The most fascinating children were a little boy and a little girl who shared a table. They obviously hated each other and the other children that shared a table with them were wary. The little girl would move away from the boy, causing the others to shuffle around so they weren't too close to her. But they'd shuffle around 'til another student was too close to the boy then he'd start shuffling round in the opposite direction to get away from him. The little girl and boy would hit each other and yel at each other. Koong left them to it.

The older childen were very inqusitive about me. They wanted me to write my name, age and birthday in their notebooks and they drew pictures of me beside them. They asked me questions about my life at home; did I have pets; siblings; was my house made out of wood or cement. They asked these questions in Thai and Koong translated. But they were still listening to English and therefore learning. Sometimes you could spend a whole lesson with the older students just trying to get them to be quiet.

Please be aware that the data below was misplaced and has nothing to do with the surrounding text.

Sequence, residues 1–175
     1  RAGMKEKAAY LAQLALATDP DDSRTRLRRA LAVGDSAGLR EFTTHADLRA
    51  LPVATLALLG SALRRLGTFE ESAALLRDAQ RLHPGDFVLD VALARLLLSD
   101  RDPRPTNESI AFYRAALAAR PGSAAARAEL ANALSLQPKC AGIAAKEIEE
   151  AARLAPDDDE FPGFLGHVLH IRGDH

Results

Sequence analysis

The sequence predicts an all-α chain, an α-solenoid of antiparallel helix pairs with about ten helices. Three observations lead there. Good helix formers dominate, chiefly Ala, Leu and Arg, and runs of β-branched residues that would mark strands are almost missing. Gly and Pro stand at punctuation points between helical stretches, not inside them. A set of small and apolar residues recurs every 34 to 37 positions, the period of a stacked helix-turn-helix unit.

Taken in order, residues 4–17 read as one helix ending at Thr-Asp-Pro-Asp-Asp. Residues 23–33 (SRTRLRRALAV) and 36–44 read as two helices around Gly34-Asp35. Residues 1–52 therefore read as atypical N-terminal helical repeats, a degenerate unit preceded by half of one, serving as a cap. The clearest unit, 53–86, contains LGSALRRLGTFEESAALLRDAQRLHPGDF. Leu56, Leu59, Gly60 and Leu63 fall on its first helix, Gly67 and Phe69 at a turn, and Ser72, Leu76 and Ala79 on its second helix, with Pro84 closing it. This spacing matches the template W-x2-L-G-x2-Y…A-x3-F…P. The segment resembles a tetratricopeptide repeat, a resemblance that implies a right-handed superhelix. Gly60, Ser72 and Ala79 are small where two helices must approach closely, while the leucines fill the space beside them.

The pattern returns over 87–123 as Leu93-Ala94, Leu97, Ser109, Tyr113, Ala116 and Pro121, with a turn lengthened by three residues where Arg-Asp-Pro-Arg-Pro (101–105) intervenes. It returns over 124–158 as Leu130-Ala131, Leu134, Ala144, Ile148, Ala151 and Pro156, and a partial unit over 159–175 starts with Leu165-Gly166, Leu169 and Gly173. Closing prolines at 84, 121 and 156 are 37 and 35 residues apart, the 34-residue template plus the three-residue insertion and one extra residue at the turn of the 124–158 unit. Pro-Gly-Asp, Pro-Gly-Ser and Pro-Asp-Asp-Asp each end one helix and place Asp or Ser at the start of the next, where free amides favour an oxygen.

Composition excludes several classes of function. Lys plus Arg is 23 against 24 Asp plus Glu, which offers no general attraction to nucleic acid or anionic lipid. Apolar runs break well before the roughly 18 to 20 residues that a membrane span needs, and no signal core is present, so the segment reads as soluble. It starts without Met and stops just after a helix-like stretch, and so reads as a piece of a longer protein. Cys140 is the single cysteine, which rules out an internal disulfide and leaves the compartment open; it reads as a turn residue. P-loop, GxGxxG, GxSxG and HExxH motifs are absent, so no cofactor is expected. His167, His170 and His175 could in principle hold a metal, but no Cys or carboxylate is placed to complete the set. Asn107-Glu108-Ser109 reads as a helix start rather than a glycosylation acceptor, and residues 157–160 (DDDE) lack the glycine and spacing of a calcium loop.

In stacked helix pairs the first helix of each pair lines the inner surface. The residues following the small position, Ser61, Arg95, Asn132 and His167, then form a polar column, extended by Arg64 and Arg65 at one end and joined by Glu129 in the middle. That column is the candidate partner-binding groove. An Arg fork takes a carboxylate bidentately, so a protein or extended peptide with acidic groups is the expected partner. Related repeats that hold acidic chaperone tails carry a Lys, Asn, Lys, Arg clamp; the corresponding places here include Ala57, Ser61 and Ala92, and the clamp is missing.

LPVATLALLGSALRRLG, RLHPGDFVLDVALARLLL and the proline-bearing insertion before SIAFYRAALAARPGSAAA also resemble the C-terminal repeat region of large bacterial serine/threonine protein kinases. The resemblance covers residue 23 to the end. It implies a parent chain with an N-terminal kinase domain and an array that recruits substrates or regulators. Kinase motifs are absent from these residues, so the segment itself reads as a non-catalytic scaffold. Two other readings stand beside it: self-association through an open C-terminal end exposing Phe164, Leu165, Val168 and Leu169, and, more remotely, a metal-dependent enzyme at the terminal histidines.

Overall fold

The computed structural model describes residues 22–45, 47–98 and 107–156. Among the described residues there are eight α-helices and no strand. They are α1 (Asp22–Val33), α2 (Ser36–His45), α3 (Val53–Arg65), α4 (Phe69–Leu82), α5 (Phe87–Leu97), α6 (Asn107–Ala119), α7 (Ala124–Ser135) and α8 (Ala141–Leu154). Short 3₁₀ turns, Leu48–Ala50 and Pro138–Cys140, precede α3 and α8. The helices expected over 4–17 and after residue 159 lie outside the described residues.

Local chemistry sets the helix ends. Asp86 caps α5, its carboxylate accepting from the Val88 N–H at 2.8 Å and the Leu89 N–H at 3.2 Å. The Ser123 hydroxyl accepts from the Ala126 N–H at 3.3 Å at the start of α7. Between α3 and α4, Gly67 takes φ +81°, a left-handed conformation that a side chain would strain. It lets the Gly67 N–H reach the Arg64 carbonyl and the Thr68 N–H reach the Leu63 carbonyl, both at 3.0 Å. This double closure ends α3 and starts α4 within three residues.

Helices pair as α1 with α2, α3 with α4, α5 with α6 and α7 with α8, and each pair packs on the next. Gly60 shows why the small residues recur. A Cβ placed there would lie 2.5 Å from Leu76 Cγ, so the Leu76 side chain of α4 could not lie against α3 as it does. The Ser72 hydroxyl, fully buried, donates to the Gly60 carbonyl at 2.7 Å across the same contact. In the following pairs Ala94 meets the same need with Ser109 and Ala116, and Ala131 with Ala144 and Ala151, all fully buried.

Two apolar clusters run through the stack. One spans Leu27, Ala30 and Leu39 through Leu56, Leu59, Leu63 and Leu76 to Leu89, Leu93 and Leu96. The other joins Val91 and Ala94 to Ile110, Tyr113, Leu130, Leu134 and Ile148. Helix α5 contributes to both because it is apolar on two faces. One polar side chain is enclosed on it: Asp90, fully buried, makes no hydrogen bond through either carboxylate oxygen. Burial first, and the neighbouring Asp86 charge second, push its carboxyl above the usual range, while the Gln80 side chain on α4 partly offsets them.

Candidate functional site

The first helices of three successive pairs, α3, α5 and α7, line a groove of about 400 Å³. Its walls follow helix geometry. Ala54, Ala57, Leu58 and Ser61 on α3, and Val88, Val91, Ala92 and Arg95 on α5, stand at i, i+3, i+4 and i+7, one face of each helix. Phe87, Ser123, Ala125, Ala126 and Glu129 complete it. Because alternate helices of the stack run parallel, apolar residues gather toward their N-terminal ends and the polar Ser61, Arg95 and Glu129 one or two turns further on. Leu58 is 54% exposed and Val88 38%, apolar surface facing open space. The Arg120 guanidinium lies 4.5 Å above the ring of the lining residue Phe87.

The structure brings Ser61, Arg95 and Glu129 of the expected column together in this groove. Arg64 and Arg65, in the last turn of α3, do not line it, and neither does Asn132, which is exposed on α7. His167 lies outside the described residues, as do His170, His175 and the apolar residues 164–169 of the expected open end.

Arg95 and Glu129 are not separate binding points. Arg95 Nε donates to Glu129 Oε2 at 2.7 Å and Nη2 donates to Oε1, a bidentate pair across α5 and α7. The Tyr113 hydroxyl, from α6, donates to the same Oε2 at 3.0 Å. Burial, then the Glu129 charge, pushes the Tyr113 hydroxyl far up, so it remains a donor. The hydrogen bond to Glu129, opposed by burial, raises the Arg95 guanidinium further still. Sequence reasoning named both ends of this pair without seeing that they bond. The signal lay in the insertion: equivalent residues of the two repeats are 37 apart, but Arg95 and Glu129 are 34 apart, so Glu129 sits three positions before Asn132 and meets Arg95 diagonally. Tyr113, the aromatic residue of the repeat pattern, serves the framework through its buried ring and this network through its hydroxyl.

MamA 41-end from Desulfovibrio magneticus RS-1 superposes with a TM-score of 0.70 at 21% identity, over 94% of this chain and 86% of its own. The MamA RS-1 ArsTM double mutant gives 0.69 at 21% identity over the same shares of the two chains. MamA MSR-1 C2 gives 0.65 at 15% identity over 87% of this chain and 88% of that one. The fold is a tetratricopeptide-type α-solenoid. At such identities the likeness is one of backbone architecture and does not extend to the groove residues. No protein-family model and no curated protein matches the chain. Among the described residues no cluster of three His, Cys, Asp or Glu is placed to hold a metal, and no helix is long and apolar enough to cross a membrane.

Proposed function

It ended there but reading it over makes me realise that if I'm ever gonna teach again it'll be the young 'uns because they're not as cocksure as teenagers are. Hmmm...makes me long for a better job and a bit of adventure.


ganching said...

This was really interesting Hannah and also good that it is making you think about doing something more interesting!!

Anonymous said...

Made me w3any to go to Thailand and work with people with learning difficulties. I'm sure it's probably not recognised so much as here. Wonder if i could persaude Linda. dad xzxxx